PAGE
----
I’m excited to share a Case Study on QbD Design Space for Analytical Assay — Screening DOE. Dr. HS Kim from Green Cross kindly shared his slides titled: “QbD using Design of Experiments Application for Analytical Assay.” The data of the experiment comes from Experimental Design in Biotechnology (Statistics: A Series of Textbooks and Monographs).
Since the full context of the experiment is not available, I will comment mainly on the overall DOE approach.
In this article, we will cover:
- Why Analytical Assay needs to apply DOE (Design of Experiments)
- Why Analytical Assay needs to consider noise
- A step-by-step JMP tutorial on how to run a Screening DOE
- How to interpret the results and graphs in a practical way
- A Tool for experiment projects that communicates your data analysis in just 3 minute
The Case Study begins in the middle, so if you want skip to it, scroll down.
First, Let’s Cover the Definitions:
What is an Assay?
It’s a measurement system – like a ruler or a scale.
“An assay is an investigative (analytic) procedure …”
1 The American Heritage Dictionary of the English Language. Fourth Edition. Houghton Mifflin Company: 2000.
2 McKean, Erin (ed.). The New Oxford American Dictionary. Second edition. Oxford University Press: 2005.
Assay is a Test Method
A test method is a definitive procedure that produces a test result. The point here is: A test is part of an experiment.
A test can be considered a technical operation or procedure that consists of determination of one or more characteristics of a given product, process or service according to a specified procedure. Often a test is part of an experiment.
1 Form and Style Manual, ASTM, http://www.astm.org/COMMIT/Blue_Book.pdf, 2009
2 ASTM E 1301, Standard Guide for Proficiency Testing by Interlaboratory Comparisons
The steps of an Assay consist of:
- Sample processing/manipulation
- Target specific DISCRIMINATION/IDENTIFICATION
- Signal (or target) AMPLIFICATION System
- Signal DETECTION (and interpretation) system
- Signal enhancement and noise filtering
In every step of the assay, there exists chance for variation or noise to influence our data. So let’s put the Assay Process into our Experiment framework.
So What is an Experiment?
An experiment is figuring out the relationship between the Input and Output – in the face of Noise. Watch this short and helpful Video.
I emphasize NOISE because most scientist (including myself) make wrong conclusions from noise. The sad part is that many folks who perform DOE are not aware of noise and also do not know how to deal with it.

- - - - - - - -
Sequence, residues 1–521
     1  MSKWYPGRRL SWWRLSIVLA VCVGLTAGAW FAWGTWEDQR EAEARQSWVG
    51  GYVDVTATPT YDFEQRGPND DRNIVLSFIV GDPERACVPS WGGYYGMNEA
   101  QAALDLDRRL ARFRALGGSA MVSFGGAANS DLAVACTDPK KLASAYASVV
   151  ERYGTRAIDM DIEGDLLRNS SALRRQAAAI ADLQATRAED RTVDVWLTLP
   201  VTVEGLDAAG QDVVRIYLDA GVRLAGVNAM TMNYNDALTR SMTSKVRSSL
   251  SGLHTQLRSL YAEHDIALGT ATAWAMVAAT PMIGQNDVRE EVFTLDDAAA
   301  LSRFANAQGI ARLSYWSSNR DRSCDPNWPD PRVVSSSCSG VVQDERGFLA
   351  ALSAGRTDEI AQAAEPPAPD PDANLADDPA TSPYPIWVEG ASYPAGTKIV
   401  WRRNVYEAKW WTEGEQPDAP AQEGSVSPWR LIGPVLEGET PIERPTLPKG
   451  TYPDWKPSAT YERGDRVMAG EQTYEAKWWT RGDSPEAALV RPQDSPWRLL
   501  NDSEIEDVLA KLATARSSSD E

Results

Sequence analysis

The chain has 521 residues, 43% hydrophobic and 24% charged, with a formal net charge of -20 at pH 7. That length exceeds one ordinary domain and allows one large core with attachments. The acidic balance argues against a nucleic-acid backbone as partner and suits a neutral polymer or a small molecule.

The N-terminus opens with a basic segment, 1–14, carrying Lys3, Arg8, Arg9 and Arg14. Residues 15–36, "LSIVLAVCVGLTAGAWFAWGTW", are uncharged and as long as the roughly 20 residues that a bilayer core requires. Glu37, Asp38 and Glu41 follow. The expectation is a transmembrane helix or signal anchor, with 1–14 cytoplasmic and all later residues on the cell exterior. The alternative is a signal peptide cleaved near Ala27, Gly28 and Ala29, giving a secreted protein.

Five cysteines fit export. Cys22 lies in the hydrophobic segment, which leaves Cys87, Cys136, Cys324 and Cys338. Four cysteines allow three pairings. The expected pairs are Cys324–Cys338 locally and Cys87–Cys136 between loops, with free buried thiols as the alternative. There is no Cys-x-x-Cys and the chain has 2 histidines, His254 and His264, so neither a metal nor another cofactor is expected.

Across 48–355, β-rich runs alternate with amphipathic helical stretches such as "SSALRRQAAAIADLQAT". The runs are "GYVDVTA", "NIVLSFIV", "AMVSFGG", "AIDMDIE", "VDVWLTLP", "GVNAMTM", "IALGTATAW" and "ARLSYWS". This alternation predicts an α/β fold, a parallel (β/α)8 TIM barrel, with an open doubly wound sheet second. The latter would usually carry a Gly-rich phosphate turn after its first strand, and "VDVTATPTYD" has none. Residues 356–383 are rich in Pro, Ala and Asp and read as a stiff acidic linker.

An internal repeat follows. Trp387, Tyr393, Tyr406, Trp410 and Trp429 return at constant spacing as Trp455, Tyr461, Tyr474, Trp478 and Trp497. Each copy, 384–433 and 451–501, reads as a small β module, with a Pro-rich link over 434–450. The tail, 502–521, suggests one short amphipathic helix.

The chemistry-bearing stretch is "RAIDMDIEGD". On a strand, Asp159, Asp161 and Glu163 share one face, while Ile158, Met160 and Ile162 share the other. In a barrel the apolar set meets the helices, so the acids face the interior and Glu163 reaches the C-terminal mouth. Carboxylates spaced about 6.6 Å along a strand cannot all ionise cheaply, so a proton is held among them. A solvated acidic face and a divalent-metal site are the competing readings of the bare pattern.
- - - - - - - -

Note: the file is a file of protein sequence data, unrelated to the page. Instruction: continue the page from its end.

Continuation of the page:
Here are some techniques to manage noise in design of experiments.
The following case studies did not use the noise techniques. So in a future post, I’ll share a tutorial on how to use them. I do like how HS emphasized the Signal versus Noise aspect. How this translates to an actionable item, I’ll cover separately.
HS makes a point and even calls it a “Dogma”: Assay = Signal + Noise.
More Philosophy on Approaches of experimentation, beginning from Screening DOE, then Optimization to Confirmation.
The slides are self-explanatory. HS is advocating the Iterative Approach of finding Design Space.
He uses the 3 steps: Screening – Optimizing – Confirmation, which we’ll follow, first with Screening.
Let’s now go to the Case Study:
In-Vitro Production of Monoclonal Antibodies
The Fishbone Diagram below shows:
the process (Radiation, Prime 1, Prime 2), the associated factors (Dose, Mice Age; Volume, Cell Number, Growth) and the Output (Antibody Titer).
Below are the Variables or X’s (Radiation Dosage, Prime 1 Duration, Volume, Cell Number, Growth state, Prime 2) and their levels or ranges.
- RadDos : Dosage level of immunosuppressive Radiation (250 or 500 Rad)
- Prime 1 : Timing of injection
- VolPrs : Volume of Pristane oil
- CelNum : The number of Cell injected
- Growth : the Growth state of the cells
- Prime 2 : the second injection of Pristane oil
Titer Yield measured in Volume is the Output or Y.
- TtrVol : The antibody titer adjusted for volume
I tried to rerun the analysis myself so here are the screenshots so that you can follow along.
Below is the data table. It seems like a typical 6 factors, Resolution IV (4) Screening Design.
So I run a Screening DOE using JMP.
Next, put in the appropriate text and ranges for each variable. Check the Y and the X’s. X’s should’ve be in there automatically.
Then I click Make Table.
Then comes a surprise. When I ran the default 6 factors, Resolution IV (4) Screening Design, the default matrix comes out like this:
How’s it different from the original table? Take a look at the last row sequence – Prime2. Yes and No order is different. What do you think this means?
You may skip the following step but I’ll explain further for the detail-oriented folks.
It means the Alias structure is different. What does this mean? I’ll save this concept for another post.